“Assume the position.”
Farris crouched by the heavy wooden door that stood between them and freedom. He barely felt it when Fayra jumped up onto his shoulders. She ran her fingertips across the panel that the guards used to check on them. It wasn’t much smaller than the window.
Pointed ear pressed against the wood, her nimble fingers probed around the edge of the panel. She bit her lip in concentration as she tapped the wood. It was locked, obviously. But, from the sound, it was just a simple latch. Slipping one of her picks into the narrow space between door and panel, she found the bolt and lifted. The sound of the unlocking bolt was louder than she would have liked–and she felt her brother tense beneath her–but when she slowly opened the panel, she saw that the corridor outside the cell was empty.
“Step two, brother dear.”
Farris stood slowly, hands on his sister’s ankles to steady her. Fayra took hold of the lintel above the door and lifted herself off her twin’s shoulders. It was a tight fit, but she was able to wriggle through the opening feet first. She dropped to the floor without a sound. Once on the other side of the door, it was a simple task to pick the lock and free her brother.
“Splendid! A truly remarkable display!”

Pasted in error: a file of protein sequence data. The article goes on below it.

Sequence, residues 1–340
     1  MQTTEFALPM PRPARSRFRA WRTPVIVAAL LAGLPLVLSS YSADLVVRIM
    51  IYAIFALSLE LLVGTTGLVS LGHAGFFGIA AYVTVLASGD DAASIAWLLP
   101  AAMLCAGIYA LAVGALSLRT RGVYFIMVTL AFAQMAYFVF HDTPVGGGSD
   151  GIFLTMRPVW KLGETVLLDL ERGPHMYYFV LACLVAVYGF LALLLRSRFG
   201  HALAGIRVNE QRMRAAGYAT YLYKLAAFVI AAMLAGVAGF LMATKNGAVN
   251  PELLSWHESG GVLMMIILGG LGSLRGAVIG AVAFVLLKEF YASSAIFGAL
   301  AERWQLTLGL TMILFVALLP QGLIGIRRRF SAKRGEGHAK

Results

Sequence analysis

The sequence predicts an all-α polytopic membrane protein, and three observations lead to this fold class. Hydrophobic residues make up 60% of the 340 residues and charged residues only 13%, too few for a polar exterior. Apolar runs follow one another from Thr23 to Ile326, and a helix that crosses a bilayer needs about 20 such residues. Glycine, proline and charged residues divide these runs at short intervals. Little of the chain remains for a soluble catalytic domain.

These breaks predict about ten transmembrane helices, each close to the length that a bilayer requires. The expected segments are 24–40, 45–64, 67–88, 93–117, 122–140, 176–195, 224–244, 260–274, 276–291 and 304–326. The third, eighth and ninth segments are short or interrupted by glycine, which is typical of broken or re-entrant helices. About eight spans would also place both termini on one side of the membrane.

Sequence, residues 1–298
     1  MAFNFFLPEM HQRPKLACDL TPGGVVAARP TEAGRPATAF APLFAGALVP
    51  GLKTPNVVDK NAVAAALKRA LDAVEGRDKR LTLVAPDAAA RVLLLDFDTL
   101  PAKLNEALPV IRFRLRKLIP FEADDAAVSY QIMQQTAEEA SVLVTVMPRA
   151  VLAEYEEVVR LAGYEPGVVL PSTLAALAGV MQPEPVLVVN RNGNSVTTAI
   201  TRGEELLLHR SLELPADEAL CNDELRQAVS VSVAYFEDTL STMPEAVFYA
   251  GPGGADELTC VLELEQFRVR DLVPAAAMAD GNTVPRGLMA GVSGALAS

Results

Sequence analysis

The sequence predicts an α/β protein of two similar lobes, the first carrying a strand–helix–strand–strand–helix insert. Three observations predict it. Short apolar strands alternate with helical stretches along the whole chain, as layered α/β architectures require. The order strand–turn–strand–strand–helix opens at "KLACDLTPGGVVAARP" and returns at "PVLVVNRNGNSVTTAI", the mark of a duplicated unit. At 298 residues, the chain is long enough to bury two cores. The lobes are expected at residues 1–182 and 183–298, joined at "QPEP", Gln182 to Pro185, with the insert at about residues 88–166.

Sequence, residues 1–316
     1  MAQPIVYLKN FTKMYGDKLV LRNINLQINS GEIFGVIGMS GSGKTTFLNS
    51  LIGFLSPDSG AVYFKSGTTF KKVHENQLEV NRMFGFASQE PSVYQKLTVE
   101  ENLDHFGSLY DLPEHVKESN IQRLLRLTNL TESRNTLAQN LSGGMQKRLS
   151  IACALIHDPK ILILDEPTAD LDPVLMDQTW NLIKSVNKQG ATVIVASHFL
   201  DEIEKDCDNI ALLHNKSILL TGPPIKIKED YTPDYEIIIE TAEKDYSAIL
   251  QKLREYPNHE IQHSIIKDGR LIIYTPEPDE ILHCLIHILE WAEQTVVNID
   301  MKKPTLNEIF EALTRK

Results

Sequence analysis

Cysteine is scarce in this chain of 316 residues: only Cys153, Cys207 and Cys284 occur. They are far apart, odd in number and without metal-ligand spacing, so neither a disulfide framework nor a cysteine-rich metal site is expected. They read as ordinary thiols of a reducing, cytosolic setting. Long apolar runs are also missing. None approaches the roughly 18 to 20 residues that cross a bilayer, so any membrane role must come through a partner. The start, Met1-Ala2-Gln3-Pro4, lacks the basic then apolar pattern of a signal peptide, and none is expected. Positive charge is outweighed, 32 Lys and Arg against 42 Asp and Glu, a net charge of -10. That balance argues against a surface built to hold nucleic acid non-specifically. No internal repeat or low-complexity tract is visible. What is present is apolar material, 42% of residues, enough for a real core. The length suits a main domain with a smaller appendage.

The voice didn’t belong to her brother.
A few paces down the corridor, a door had opened and three soldiers wearing the red and gold livery of Lord Redcastle filled the hallway, swords drawn. Behind them stood a robust figure in scarlet doublet and matching robe. Fayra could see the sparkle of the jeweled rings on his fingers. His sandy hair was cut short and his beard neatly trimmed. A silver circlet sat atop his head.
“I wouldn’t try to run,” he offered with the wave of a hand.
The twins glanced over their shoulders. The corridor behind them was now filled with armed men.
“Hauflins,” Redcastle said, more to himself than to anyone else in the corridor. “We don’t get many hauflins in these parts.”
“You do,” Fayra said. “They just don’t get caught.” Farris caught his sister’s jibe and frowned.
Redcastle chuckled. “As you say. Now, my little snatch-purses, let’s you and I have a little chat, hmm?”
“In the banquet hall?” Fayra asked. “I’m famished. I haven’t had a satisfying meal since I nicked that apple from a traveling merchant on the road from Southway. Between you and me, that slop you serve prisoners in positively dre–”
“Enough!” What little charm Lord Redcastle had been displaying had vanished. His face was flush as he stepped towards the twins. “You have two options, you pointy-eared pieces of shit: Put your skills to work for me and steal something I desire, after which you will be free to go. Or dangle from a hangman’s noose at dawn.”
Neither Farris nor Fayra said a word, and Farris was thankful that his sister was smart enough to hold her tongue. They both knew better than to trust Redcastle’s word. Their silence was apparently beginning to annoy the nobleman, who snapped his fingers. The soldiers, and their swords, moved closer to the twins.
“Now, what do you say?”